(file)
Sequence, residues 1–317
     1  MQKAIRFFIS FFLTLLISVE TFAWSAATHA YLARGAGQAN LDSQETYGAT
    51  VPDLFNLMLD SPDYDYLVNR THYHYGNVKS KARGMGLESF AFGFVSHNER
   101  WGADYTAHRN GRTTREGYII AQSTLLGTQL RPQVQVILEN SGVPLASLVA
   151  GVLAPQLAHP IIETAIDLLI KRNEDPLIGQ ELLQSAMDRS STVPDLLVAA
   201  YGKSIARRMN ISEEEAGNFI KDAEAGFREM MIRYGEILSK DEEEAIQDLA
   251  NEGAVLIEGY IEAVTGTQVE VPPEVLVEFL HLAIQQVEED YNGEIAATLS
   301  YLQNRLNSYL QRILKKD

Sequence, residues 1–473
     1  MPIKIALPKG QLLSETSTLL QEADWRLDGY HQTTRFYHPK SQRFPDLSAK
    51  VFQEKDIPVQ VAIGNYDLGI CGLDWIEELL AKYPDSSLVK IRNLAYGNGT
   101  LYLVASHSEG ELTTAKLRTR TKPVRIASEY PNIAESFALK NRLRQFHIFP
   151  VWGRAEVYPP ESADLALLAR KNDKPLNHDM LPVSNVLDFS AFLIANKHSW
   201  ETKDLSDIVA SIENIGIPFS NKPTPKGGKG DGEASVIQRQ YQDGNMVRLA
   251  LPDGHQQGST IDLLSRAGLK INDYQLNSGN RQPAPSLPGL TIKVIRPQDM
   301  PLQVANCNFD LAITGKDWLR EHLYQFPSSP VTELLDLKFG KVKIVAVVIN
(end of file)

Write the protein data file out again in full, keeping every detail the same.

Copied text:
Sequence, residues 1–317
     1  MQKAIRFFIS FFLTLLISVE TFAWSAATHA YLARGAGQAN LDSQETYGAT
    51  VPDLFNLMLD SPDYDYLVNR THYHYGNVKS KARGMGLESF AFGFVSHNER
   101  WGADYTAHRN GRTTREGYII AQSTLLGTQL RPQVQVILEN SGVPLASLVA
   151  GVLAPQLAHP IIETAIDLLI KRNEDPLIGQ ELLQSAMDRS STVPDLLVAA
   201  YGKSIARRMN ISEEEAGNFI KDAEAGFREM MIRYGEILSK DEEEAIQDLA
   251  NEGAVLIEGY IEAVTGTQVE VPPEVLVEFL HLAIQQVEED YNGEIAATLS
   301  YLQNRLNSYL QRILKKD

Sequence, residues 1–473
     1  MPIKIALPKG QLLSETSTLL QEADWRLDGY HQTTRFYHPK SQRFPDLSAK
    51  VFQEKDIPVQ VAIGNYDLGI CGLDWIEELL AKYPDSSLVK IRNLAYGNGT
   101  LYLVASHSEG ELTTAKLRTR TKPVRIASEY PNIAESFALK NRLRQFHIFP
   151  VWGRAEVYPP ESADLALLAR KNDKPLNHDM LPVSNVLDFS AFLIANKHSW
   201  ETKDLSDIVA SIENIGIPFS NKPTPKGGKG DGEASVIQRQ YQDGNMVRLA
   251  LPDGHQQGST IDLLSRAGLK INDYQLNSGN RQPAPSLPGL TIKVIRPQDM
   301  PLQVANCNFD LAITGKDWLR EHLYQFPSSP VTELLDLKFG KVKIVAVVIN